I despise trends.  I can understand some technological trends or academic trends, that makes sense. But what about buying patterns? Are we so malleable that we’ve let ourselves become victim to basic advertising techniques? Will any shiny object grab our attention? We should be buying things because they fulfill a need, not because they fill a hole.

I do understand some of those needs are more vital than others. Like when we buy something in the checkout lane at the grocery. We all know exactly why those items were placed there. It’s the reason I struggle to hold my 4-year-old 40-pound son in my arms while I try to check out! In a sense, if it is in your view, it is in your thoughts.

The latest trends are placed continuously in our view and thus are in our thoughts.  Whether these thoughts are front and center or are operating in our subconscious mind, they are there none the less.  

If you have purchased a new car, then you have no questions experienced the phenomena of “trend degradation.”  It begins with manic happiness because of your new purchase. This joy can last for a varying amount of time dependent on the person.  Once the initial mania of your purchase wears off, and people stop congratulating you on it, reality begins to set in. The truth is that no one cares about your new car, no matter what it is.  People treated you differently because of your new vehicle. Indeed, they did but for what, a week or so, and then the attention wore off. Eventually, even you began to feel less enthused about your purchase. Most likely you stretched to afford it, and only in hindsight are you able to see the opportunity cost of the extra money that you send out each month. That’s when the unthinkable happens.

When you show up to work the next day your coworker who was so complimentary about your new car has a surprise.  They just purchased the same car as you, because they liked yours so much. They tell you how they eyed your car every day in the parking lot, and just fell in love. They even got the same color that you did! But there is only one difference between their new shiny automobile. They purchased the latest model. That’s right! They just did a complete redesign,(aka shifting the trend) and the results are stunning.  Especially compared to your dusty old last years model that you still have 5 years to pay on, and are underwater because you had to have it. At this moment, you’ll muster up a half-cocked smile, trying as hard as humanly possible to show that you are happy for them.  Desperately trying to convey that you don’t feel like a complete and total sucker. Now there is only one thing left to do. Remain perpetually out of breath running directly behind the next trend.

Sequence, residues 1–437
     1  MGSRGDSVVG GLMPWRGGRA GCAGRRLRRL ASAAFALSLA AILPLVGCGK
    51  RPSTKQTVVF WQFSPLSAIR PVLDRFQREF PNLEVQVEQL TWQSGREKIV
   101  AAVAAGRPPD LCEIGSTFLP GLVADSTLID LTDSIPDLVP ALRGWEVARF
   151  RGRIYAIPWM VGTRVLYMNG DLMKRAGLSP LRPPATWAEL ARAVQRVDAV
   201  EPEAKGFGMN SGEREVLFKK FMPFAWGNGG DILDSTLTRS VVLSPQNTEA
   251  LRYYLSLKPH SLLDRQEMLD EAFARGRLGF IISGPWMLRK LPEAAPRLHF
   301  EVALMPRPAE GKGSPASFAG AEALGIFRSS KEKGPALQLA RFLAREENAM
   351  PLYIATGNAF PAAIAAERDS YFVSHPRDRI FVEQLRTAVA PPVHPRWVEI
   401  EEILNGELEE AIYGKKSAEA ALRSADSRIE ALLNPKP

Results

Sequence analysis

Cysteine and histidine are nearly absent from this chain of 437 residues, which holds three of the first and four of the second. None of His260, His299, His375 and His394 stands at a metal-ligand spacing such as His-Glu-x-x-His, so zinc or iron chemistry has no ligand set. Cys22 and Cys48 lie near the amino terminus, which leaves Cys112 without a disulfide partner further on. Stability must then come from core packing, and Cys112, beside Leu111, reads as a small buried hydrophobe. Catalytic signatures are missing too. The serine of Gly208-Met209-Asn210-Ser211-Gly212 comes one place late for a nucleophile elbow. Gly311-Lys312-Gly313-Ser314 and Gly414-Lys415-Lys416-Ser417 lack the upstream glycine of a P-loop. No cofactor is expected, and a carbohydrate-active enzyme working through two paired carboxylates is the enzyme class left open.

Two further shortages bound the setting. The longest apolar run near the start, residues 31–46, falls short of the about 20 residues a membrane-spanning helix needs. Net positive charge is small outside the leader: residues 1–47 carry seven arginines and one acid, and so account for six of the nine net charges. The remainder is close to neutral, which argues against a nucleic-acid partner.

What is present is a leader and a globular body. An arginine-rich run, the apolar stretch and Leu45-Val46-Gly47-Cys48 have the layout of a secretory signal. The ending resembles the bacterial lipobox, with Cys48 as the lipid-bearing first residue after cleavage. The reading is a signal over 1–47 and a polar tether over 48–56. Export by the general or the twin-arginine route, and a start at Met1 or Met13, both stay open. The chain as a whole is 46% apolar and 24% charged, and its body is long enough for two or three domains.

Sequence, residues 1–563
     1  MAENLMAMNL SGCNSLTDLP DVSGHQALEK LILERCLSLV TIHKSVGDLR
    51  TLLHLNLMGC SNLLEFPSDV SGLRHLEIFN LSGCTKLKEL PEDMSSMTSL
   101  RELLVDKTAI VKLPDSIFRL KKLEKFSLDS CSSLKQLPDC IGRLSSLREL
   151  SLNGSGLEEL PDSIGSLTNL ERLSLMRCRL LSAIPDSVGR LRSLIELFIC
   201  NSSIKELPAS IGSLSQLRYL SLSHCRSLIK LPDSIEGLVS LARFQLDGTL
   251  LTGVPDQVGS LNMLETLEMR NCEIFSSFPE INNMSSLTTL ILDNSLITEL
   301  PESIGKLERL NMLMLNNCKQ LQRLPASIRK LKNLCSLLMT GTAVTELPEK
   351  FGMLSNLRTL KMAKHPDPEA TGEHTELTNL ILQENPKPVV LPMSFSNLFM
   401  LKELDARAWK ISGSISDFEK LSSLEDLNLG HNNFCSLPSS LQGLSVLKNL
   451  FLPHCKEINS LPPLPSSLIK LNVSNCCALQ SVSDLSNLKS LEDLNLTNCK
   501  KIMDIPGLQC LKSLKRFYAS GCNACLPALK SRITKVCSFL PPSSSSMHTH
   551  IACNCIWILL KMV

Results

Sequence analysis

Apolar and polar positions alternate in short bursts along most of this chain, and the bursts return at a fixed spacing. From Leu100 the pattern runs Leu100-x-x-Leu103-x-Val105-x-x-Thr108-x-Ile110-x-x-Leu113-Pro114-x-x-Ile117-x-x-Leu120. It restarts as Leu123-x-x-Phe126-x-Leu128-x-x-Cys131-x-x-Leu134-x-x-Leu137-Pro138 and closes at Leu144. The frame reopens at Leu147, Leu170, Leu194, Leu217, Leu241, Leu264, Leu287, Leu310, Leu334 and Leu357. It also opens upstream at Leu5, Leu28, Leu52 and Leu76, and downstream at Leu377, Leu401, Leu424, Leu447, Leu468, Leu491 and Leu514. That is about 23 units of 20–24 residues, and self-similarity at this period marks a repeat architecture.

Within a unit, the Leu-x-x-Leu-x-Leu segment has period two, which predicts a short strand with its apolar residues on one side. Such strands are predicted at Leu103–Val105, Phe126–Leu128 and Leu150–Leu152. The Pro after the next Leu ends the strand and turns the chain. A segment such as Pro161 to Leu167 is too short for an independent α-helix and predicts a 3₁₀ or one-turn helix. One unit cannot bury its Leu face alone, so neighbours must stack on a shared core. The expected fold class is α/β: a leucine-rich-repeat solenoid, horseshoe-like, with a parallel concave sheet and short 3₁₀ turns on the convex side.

This is the trend.  A trend of disappointment, and it’s not just high-cost items like cars either. Its food, its clothes, its even education. I know you have heard a wise elder say, “some things never change.” And they don’t have to change so much if we don’t want them to. We must be able to see clearly what is real organic change, and what are trends — because trends are unnatural, formulated. Change on the other hand is natural, and it can not be halted. But change can be anticipated, and, it can be ridden like a wave.  When we follow trends, there is no way for us to forecast what the next one will be. This leaves us feeling left out when others begin engaging in the newest trends, and we are still trying to catch up.  Unfortunately, that’s right where we are supposed to be.

Purchasing less is a great place to start, but we are going to have to examine why we buy?  If we want to live modestly, we have to purchase items that are above trends. Often its unnecessary trends that cue us its time to throw out the “old” and buy something new.  A Minimalist can’t operate this way.

We buy items that are of high quality, and that will serve their purpose even after maximum wear and tear. If you have less, you are going to use it more.  If you don’t rake the leaves often, fine buy a cheap poorly constructed rake. Not my recommendation, but hey. If you do a lot of raking, however, you want to buy a tool that is durable enough for you to rely on it.  

Living modestly or being a minimalist is no different.  I need to be able to depend on the things I use often. The items a minimalist uses go through more wear and tear because we tend to have less “backups” than the average “devourer.”  

To live modestly, forget about trends entirely.  Learn to recognize the difference between trends and real organic change.  Empower yourself when making purchases by knowing why you are buying. Purge more, buy less, buy for quality, and leave the trends for the trendy.  

Ask yourself?

Do I really need it?

How much am I going to use it?

Does it complicate or simplify my life?

Is the the simplest solution for the problem?

Am I making this purchase for me, or for others?


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